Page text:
1. We have measured intracellular calcium concentrations in basal conditions and in response to cholecystokinin-octapeptide and acetylcholine in pancreatic acini isolated from rats with caerulein-induced acute pancreatitis and compared them with those in control rats.
2. We also measured amylase secretion in basal conditions and in response to cholecystokinin-octapeptide in both groups.
3. In pancreatic acini from rats with pancreatitis the basal intracellular calcium concentration was significantly increased (134.9±7.1 nmol/l compared with 71.8 ± 2.9 nmol/l, P < 0.001). Moreover, the maximum values of intracellular calcium attained during the stimulation period were equivalent in acini from control and pancreatitic rats with no statistically significant differences.
4. In acini from control rats the differences between the resting levels of intracellular calcium and the maximum intracellular calcium values (Δ[Ca2+]i) in response to several concentrations of cholecystokinin-octapeptide showed a clear dose—response relationship, with a half-maximal increase at 0.1 nmol/l and a maximal difference (Δ[Ca2+]i = 259 ±50 nmol/l) at 1 nmol/l. In contrast, a right-shifted response, with a statistically significant smaller increase, was observed in acini from pancreatitic rats.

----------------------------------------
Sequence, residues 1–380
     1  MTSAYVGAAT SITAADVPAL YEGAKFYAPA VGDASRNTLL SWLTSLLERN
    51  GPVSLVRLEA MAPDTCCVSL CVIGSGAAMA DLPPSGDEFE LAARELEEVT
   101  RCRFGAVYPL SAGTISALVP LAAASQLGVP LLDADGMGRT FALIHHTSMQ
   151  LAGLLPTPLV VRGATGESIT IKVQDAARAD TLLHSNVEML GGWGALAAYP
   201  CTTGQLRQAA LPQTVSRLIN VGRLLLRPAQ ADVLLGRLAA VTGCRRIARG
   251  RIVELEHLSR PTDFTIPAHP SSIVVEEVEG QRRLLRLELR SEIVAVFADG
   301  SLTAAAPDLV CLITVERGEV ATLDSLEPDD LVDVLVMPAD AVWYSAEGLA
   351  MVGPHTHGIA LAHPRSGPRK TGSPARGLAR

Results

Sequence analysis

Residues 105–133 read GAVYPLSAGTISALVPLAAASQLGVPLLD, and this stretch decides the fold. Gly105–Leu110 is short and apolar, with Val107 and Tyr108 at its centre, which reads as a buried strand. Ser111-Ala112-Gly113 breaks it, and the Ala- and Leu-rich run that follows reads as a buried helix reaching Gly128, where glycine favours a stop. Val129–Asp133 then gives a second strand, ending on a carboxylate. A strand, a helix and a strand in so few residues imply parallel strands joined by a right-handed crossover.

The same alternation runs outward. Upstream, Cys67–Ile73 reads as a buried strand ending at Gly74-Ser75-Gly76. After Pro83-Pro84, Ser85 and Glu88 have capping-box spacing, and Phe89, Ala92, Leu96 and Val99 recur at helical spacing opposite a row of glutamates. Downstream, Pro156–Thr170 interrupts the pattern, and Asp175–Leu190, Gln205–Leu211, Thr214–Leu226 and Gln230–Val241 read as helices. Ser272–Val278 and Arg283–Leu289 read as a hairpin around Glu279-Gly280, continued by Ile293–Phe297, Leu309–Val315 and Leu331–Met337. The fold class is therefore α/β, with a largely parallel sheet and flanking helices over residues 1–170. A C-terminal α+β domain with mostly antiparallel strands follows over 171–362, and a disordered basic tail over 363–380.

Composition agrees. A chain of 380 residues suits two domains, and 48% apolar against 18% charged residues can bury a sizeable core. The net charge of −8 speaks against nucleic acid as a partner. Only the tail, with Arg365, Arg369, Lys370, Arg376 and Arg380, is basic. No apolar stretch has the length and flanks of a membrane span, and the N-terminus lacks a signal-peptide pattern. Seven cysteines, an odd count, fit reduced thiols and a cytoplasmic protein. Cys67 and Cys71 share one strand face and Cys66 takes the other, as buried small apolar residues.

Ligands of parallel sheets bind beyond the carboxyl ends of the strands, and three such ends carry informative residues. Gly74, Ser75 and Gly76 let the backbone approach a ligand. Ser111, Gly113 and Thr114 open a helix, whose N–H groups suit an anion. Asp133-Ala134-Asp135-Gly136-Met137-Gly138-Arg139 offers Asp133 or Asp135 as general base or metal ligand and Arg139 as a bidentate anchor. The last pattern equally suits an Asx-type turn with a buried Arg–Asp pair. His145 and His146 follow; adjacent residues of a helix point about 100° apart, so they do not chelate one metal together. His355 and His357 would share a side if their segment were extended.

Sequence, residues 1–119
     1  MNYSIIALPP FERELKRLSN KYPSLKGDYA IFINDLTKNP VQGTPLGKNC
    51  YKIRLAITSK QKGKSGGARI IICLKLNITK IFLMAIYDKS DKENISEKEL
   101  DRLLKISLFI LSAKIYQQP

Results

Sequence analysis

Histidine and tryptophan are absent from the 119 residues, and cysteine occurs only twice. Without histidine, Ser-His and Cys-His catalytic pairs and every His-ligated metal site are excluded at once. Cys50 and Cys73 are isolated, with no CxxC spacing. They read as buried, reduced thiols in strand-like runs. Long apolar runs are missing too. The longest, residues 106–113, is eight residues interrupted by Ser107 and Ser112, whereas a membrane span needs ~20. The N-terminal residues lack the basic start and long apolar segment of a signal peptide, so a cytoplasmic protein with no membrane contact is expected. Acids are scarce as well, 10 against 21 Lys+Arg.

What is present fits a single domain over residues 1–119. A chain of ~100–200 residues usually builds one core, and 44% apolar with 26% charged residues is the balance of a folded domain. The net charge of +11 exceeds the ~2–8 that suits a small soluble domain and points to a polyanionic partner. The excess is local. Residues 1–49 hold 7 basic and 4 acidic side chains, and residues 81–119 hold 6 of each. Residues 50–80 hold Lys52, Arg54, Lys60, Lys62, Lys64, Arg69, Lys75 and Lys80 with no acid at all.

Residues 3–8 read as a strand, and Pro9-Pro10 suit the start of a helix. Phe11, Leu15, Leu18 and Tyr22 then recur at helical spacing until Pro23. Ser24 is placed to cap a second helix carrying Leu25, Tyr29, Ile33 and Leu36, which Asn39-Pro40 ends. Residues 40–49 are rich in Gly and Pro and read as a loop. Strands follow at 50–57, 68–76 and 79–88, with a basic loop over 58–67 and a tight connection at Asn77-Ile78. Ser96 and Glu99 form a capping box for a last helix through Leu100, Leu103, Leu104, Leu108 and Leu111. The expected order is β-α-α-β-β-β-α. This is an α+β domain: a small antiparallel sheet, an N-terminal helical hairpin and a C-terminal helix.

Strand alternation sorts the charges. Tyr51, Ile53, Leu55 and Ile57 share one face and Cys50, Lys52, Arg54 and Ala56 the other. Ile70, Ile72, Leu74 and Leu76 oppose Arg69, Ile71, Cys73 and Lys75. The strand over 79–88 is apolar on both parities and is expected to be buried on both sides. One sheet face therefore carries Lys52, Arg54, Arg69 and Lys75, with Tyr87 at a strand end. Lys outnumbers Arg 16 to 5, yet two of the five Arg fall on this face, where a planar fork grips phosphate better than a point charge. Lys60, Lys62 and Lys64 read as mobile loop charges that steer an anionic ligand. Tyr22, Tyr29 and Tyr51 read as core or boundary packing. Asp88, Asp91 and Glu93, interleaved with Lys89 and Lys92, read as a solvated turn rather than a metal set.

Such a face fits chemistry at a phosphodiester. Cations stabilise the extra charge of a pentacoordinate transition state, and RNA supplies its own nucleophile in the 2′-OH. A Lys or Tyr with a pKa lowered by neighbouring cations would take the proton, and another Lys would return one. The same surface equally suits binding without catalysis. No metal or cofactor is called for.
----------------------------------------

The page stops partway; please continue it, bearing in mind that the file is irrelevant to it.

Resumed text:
5. Basal amylase release was significantly higher in acini from rats with pancreatitis (11.7 ±1.0% of total compared with 5.9 ±1.1% of total, P < 0.001). In contrast, cholecystokinin-octapeptide and acetylcholine-evoked amylase secretion was reduced by more than 85% in acini from pancreatitic rats.
6. In conclusion, calcium homoeostasis in pancreatic acinar cells from rats with caerulein-induced pancreatitis seems to be impaired. These results suggest excessive release of acinar free ionized calcium, or damage to the integrity of mechanisms that restore low resting levels of intracellular free ionized calcium, and the consequent calcium toxicity could be the key trigger in caerulein-induced acute pancreatitis.